1. You’re right about all of that. I think our inaction on the house shows that we probably do have our priorities in order, but I often wonder, when I see a family living in a well-maintained home, how they do it. I’m going to pretend they have an unlimited budget and full-time staff!


  2. There are times when a “well-maintained home” is just a myth. If you looked in the closets, under the carpets, under the beds, under the pictures hanging on the wall, or in that room whose door is always closed, you might find evidence that the home isn’t as well maintained as they would have you believe. ๐Ÿ™‚


  3. I live in a 90 year old home and if I look too closely I can see a hundred little things and about a dozen serious ones that need to be done. I’ve decided not to look at anything too closely until spring.


    1. I’m hoping that by the time I get around to fixing things, my eyesight will make things look pretty again. Our home is only about 60 years old, but we’ve aged it quite a bit over the last few years!


        1. I so agree. I stopped painting with the hallway and one bedroom to go – I just don’t care enough to work that hard right now. Maybe company coming would get me moving again – maybe not.


    1. Apparently this is a tried and true method, since a lot of people use it! I’ve upgraded to prioritizing, so I know how to write the next list. After that I’ll use color coding, alphabetizing, writing it on a different color paper… much to do in order to do nothing!


  4. But there are so many other more important things to do! ๐Ÿ™‚ It’s human nature I think and the same all around. For me it doesn’t apply as I rent. and I move a lot too haha I don’t live anywhere long enough for anything to get totally unpacked or lived in enough either ๐Ÿ™‚ Yes, take that nap. From what I know of you, you deserve it! (I’m not a very good influence!)


    1. There are always more important things to do, until a pipe busts or the furnace dies. This is the first place I’ve ever owned – it’s a relationship in and of itself! Since you just wrote about homelessness, I recognize that my concerns are petty in the face of my gratitude for having a safe place to live!


      1. No matter what you do or what you’ve got it’s always something, no doubt about that! I did own one house and it was a nice enough experience. And I am a good renter compared to many I’m sure, meaning I’ll do my own gutters and upkeep if I can. Being on my own and a man of meager means, I don’t like to have to be worried about what may break or die in the middle of the night. I had about enough of that! ๐Ÿ™‚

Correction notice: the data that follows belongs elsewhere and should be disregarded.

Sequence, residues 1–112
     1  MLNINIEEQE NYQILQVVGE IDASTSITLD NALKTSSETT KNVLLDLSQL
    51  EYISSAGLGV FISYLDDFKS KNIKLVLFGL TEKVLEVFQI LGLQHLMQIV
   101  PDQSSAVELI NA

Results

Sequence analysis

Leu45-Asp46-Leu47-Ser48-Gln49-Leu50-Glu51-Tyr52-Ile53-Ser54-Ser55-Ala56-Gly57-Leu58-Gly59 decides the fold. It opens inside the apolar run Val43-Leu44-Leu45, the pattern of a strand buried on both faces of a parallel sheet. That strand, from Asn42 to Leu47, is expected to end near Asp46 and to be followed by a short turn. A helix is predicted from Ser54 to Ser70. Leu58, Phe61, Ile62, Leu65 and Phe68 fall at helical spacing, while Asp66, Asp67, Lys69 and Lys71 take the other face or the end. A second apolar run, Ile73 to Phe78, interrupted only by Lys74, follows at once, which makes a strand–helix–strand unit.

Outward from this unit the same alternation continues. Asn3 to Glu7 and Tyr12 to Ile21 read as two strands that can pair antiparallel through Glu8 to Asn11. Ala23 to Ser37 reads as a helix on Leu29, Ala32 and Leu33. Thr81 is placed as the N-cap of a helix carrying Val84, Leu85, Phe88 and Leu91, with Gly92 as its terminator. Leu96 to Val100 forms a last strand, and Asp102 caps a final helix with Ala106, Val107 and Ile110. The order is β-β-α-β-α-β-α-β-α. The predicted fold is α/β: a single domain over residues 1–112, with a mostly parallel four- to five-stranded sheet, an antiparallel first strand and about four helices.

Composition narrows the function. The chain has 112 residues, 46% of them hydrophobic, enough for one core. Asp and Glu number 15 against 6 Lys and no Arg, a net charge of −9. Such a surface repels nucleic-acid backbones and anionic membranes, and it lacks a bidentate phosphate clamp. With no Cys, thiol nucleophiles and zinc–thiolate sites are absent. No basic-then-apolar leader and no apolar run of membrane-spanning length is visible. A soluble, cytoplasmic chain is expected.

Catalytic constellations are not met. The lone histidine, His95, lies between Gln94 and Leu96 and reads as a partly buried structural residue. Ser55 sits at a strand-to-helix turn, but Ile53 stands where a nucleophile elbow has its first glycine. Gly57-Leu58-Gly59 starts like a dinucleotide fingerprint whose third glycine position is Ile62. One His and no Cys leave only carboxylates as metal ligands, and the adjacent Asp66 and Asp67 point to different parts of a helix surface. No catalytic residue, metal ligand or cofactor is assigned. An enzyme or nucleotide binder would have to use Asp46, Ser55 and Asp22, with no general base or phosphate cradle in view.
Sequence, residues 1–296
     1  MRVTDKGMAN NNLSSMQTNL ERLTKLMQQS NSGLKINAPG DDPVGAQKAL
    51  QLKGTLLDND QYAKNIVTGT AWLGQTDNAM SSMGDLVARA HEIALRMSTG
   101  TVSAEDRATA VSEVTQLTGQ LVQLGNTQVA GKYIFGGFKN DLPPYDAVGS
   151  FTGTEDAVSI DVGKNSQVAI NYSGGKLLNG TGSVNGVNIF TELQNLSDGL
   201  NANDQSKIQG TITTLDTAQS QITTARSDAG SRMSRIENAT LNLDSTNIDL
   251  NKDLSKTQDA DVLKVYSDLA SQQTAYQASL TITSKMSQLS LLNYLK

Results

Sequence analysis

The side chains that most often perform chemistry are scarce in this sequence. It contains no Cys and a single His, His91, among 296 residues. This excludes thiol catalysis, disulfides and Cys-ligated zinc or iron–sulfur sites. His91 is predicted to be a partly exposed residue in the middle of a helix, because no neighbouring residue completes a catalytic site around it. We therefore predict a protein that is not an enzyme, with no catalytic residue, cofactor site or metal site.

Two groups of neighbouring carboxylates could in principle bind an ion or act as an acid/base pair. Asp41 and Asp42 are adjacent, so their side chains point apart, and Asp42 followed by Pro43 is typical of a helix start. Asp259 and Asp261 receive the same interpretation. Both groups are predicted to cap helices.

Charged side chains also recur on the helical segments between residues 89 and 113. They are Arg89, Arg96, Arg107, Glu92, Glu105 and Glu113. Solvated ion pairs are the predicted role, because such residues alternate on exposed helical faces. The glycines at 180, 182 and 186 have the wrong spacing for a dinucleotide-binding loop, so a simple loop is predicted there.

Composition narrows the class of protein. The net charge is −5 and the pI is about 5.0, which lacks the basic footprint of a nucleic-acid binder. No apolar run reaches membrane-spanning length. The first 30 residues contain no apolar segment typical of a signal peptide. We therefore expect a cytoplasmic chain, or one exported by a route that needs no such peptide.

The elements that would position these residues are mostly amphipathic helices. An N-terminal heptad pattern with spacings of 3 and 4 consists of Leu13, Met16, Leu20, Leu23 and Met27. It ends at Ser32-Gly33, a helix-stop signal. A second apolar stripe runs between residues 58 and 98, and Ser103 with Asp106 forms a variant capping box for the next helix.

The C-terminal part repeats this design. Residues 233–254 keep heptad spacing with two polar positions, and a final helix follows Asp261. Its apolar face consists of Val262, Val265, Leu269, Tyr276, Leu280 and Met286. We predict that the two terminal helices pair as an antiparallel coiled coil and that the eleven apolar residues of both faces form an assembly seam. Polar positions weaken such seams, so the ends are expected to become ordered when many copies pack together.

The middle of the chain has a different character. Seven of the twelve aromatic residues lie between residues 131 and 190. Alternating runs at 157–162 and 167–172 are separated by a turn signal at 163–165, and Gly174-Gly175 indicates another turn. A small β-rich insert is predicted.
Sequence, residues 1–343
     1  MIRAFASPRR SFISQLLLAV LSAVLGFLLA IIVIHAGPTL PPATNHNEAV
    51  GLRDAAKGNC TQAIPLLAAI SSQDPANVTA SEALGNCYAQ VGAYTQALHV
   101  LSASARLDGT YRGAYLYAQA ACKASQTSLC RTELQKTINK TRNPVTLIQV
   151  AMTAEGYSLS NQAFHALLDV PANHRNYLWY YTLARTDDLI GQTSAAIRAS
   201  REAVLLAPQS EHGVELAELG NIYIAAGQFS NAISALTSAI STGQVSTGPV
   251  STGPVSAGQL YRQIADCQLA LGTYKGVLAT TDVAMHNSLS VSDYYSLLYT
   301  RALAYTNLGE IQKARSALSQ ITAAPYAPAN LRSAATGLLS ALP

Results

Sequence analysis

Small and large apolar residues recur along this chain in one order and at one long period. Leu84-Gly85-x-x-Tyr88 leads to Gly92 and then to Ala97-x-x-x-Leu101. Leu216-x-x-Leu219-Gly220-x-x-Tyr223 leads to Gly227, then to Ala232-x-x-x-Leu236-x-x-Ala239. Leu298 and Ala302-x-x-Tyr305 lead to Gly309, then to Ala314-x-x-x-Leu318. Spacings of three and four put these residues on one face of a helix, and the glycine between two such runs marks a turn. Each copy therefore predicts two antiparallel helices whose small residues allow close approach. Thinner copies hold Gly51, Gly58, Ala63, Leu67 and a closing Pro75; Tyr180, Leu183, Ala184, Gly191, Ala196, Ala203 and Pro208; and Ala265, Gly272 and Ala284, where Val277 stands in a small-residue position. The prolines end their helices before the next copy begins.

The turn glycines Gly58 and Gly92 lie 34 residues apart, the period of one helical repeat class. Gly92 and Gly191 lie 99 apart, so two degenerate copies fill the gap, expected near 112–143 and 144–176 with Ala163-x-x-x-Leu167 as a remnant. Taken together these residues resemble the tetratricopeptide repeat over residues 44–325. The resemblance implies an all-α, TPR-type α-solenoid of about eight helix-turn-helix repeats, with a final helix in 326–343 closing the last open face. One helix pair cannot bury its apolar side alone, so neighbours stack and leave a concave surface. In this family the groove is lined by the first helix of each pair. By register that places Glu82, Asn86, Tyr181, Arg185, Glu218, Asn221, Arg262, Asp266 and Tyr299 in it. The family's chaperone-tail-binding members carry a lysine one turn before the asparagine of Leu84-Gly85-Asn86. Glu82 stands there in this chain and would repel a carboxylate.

5. I have a to-do list that’s a mile long, and it’s damn depressing when I dwell on it. I just try to compare the list of what I don’t get done to all that I do, and as long as I can claim a bit of victory on the latter, I stay sane.


    1. I try to remind myself that when you own a house, there is no “being done”. There will always be a list. Sometimes, especially when there are other priorities, it just has to be set aside. Until something breaks.


  6. Oh my goodness, this is sooooo familiar! My big accomplishment today was going through several weeks’ worth of mail. That mail slot cover that needs to be repainted and reattached can wait…


  7. Do you read Apartment Therapy’s blog? It’s super-helpful, and features a wide variety of homes, large and small, some who have worked with minuscule budgets but produced lovely results.

    When you do finally hire someone to do the work for you, be very clear about what you want and expect; the more dreaming, drawing (and clippings of photos that show your taste) the easier the process will be. I waited 20+ yrs to renovate our one tiny 5 by 7 foot bathroom. I love it and a thrilled with the results….but I also spent a year designing it and acquiring all the materials for it.


    1. So much of the delay in home improvement is time and energy. I imagine when my daughter is older, I’ll be able to go to town on the place. If it hasn’t fallen down around our ears! Thanks for the good advice – I will check out the blog you mentioned.